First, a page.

James Holden: The virtues of a bottom drawer

I wouldn’t describe my writing rate as especially prolific, although this year I have been better disciplined at making sure that I find the time to write, helped by the targets for writing I set myself at the beginning of the year. I normally start a new story every three to four weeks, some of which are written for a particular competition, some in response to a specific call for stories, and some just because I have an idea that I want to take forward.

But after I’ve finished, or what I think is finished (“what is finished?”  is a different debate)there are really two ways a story could go. They may get submitted somewhere specific or kept for the next Clerkenwell Writers Asylum Short Story Collection. But the ones that I struggle to work out what to do with tend to get filed away in my ‘bottom drawer’.

The stories that are in my ‘bottom drawer’ are sometimes ones that I’m unhappy with – a story that I’m not quite sure works, wondering if a particular section needs improving or the ending changed, but uncertain about how to take it forward. It needs a fix but it’s not clear what that should be.

Work goes to the ‘bottom drawer’ because the story is not an easy fit for opportunities currently out there – either because of theme or length.

Now this is not to say that work that ends up in my bottom drawer is unloved. To some extent I tend to see some sort of virtue in everything that I write, if for no other than I liked the idea that I began with even if I didn’t quite pull it off and am holding out that at some point I can put it right. I regard the work in the ‘bottom drawer’ as drafts that can be resurrected at any time.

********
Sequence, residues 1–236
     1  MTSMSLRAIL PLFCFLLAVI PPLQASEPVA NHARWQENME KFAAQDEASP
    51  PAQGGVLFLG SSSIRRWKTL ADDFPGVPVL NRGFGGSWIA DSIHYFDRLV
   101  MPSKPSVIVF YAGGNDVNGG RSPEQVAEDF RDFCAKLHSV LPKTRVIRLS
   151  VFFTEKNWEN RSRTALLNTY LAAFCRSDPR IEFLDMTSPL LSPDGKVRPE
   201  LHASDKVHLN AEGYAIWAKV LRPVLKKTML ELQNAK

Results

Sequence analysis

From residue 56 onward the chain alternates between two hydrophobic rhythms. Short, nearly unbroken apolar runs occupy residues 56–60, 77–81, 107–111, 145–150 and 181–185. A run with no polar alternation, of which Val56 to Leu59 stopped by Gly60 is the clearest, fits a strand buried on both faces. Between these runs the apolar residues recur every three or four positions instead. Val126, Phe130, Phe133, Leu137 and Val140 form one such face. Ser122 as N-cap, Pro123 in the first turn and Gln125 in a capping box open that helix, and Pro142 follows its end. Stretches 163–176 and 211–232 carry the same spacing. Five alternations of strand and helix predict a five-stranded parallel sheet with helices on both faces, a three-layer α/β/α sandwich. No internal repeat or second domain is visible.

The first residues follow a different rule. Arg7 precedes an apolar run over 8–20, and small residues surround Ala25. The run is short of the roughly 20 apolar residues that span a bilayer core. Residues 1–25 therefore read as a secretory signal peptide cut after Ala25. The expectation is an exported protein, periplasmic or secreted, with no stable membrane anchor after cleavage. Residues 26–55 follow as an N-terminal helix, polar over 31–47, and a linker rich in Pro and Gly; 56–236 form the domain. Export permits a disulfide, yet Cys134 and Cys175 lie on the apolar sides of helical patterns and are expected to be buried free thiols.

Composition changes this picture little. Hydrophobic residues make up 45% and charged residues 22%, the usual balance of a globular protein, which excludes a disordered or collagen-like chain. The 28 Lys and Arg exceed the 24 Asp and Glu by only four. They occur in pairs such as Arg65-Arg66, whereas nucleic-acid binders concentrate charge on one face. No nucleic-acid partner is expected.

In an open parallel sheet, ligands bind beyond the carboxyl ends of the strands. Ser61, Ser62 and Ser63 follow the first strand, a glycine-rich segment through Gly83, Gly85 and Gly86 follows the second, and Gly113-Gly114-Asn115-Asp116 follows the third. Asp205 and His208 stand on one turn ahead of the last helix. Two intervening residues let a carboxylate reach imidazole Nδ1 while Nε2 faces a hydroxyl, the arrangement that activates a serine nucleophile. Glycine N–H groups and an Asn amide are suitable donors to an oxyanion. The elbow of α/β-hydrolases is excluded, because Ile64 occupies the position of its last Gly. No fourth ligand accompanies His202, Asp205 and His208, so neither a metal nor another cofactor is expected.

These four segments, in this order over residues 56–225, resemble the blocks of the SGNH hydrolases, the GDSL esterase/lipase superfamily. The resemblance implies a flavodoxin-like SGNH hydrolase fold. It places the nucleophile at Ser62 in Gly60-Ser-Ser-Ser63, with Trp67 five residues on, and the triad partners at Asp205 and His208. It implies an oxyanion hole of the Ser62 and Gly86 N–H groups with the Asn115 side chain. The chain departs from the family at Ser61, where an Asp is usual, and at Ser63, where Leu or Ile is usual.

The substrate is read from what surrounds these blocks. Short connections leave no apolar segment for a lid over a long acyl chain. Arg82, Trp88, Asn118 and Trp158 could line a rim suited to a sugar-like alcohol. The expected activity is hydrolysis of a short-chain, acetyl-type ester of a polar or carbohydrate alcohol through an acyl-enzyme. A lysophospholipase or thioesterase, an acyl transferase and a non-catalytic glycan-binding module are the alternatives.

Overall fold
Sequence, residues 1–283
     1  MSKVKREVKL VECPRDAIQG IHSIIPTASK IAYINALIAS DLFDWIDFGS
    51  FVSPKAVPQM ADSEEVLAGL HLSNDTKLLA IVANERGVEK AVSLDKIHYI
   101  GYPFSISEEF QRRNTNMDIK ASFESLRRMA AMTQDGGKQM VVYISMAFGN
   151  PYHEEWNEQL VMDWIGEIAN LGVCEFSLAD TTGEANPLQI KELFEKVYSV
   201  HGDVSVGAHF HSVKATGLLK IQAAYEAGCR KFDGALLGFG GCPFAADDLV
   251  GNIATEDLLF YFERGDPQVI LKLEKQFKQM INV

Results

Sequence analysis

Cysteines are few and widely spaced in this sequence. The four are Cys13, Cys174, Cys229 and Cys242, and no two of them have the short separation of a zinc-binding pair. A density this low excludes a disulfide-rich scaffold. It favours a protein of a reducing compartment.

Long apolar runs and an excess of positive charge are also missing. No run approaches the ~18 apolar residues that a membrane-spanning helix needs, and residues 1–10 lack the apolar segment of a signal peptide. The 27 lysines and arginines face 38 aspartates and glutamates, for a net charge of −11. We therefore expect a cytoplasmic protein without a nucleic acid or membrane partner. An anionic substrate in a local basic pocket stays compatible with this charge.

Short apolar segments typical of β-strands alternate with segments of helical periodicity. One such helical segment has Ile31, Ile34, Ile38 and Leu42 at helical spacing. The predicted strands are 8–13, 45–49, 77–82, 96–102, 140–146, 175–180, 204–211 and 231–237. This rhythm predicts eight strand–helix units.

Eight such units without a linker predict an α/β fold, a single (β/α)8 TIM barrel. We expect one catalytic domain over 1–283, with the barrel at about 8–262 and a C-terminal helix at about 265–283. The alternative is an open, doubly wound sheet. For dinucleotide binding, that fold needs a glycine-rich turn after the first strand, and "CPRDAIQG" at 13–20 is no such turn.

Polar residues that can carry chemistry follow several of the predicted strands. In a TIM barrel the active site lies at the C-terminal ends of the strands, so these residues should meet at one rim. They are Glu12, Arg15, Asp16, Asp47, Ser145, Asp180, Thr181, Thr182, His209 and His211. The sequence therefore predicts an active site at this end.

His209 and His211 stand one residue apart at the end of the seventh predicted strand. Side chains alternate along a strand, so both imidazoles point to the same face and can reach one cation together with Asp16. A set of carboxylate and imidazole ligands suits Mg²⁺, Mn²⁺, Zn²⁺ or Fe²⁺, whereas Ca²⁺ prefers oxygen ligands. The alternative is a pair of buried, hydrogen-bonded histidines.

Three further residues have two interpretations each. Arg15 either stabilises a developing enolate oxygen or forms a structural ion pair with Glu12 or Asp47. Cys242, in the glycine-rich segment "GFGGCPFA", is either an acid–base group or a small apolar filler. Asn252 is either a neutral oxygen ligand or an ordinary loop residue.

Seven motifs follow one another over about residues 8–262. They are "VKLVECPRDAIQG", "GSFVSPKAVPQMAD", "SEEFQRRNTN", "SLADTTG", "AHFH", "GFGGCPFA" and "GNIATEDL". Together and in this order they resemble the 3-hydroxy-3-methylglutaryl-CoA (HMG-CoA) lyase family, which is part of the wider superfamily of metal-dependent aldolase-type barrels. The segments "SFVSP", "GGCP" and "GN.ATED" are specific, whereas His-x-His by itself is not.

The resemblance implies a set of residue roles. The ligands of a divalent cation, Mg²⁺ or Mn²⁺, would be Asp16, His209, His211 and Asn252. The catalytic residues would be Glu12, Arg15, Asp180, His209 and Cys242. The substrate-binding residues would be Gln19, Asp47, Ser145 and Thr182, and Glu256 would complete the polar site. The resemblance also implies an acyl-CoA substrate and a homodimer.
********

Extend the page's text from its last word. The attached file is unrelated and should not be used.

Last month I came across Silver Apples, a new magazine that will feature short stories, poetry, photography and artwork. Their first issue is on the theme of ‘modern mythologies’, which made me think of a story I had written some time ago (five years ago, to be exact), retelling the tale of Hansel and Gretel from the point of view of the witch. When I pulled it out of the bottom drawer to have a look at it I could see that it needed a couple of tweaks, and also needed some work doing to the ending. But it only needed a little work to be ready to be sent off, and I am delighted that the story has been accepted by the editors of the magazine and will be published soon.

So even if not every story has an immediate home, I think that a good ‘Bottom drawer’ is a are great thing to have – it creates a store of stories that can be used when the right opportunity arises.

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About James Holden

Brought up in Yorkshire, James has washed up on the shores of London. He spends his days working as a political geek. His short stories have previously been read by the Liars League.
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